Insurance Council welcomes Disaster Ready Fund


News release

Wednesday, 7 September 2022

The Insurance Council of Australia (ICA) welcomes the Federal Government’s Disaster Ready Fund Bill 2022 introduced to Parliament today.

The $200 million a year Disaster Ready Fund initiative is in line with the Insurance Council’s report, Building a More Resilient Australia, which earlier this year called for a range of measures to better protect households and communities from the impacts of extreme weather and put downward pressure on premiums.

Building a More Resilient Australia outlines a number of areas of investment that would make at-risk communities and homes more resilient to flood, cyclone and bushfire.

At a cost of $2 billion over five years these investments are estimated to save governments and households at least $19 billion to 2050.

To ensure the nation receives the full benefit of the Disaster Ready Fund the Insurance Council is calling on all state and territory governments to match the Federal Government’s commitment in their jurisdictions.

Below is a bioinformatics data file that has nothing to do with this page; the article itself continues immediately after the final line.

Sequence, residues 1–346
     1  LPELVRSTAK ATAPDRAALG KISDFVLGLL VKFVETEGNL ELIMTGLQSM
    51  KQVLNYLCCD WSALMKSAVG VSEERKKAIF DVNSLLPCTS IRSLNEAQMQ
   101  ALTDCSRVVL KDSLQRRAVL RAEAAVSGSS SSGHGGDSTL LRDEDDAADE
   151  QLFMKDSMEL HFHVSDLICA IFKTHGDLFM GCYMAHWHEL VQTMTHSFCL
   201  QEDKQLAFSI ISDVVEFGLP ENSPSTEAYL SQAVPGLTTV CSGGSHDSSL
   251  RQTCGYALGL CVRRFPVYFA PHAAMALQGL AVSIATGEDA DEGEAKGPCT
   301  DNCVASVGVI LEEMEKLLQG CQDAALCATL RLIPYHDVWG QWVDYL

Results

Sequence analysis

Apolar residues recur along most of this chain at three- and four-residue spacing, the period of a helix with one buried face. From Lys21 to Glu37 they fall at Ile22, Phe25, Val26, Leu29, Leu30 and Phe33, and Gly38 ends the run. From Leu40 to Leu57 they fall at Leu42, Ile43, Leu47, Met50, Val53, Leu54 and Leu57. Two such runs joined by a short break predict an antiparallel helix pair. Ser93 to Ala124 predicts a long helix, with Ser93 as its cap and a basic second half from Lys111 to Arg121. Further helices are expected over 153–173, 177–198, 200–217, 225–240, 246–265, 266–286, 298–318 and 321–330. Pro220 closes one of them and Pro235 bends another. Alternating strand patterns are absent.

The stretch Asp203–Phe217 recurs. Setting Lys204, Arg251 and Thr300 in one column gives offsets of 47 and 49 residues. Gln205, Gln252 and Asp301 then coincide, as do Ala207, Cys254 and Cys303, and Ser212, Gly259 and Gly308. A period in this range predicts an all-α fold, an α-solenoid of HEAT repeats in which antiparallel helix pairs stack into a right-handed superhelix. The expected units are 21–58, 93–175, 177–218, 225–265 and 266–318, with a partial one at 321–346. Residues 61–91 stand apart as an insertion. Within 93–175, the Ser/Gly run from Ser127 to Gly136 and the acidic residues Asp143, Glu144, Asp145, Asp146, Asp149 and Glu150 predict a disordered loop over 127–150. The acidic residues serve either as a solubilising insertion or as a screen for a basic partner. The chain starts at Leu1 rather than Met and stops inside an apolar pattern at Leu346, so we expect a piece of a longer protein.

In addition to greater investment in resilience measures, the ICA is calling for a review of land use planning arrangements to ensure no more homes are built in areas with a high risk of extreme weather impacts, and for national building codes to be strengthened.  

Additionally, states and territories must finally abolish duties, levies and taxes on insurance products, which only increase the cost of premiums and discourage adequate levels of cover. 

The ICA will tomorrow release new research on the cost of extreme weather in its second Insurance Catastrophe Resilience Report, which uses insurer data and insights to review the last 12 months of extreme weather events and advocate for changes to reduce the impact of future events.

Quote attributable to ICA CEO Andrew Hall:

We congratulate the Albanese Government on its commitment to invest in improving the resilience of home and communities at risk of impacts from floods, cyclones and bushfires.

Resilience and mitigation funding is an investment into future protection, and so it is the responsibility of all levels of government to do more to improve community resilience.

Until we make greater investment in public infrastructure and home retrofits, improve how we build new homes and undertake better land use planning, the risk profile of communities exposed to extreme weather will not change.


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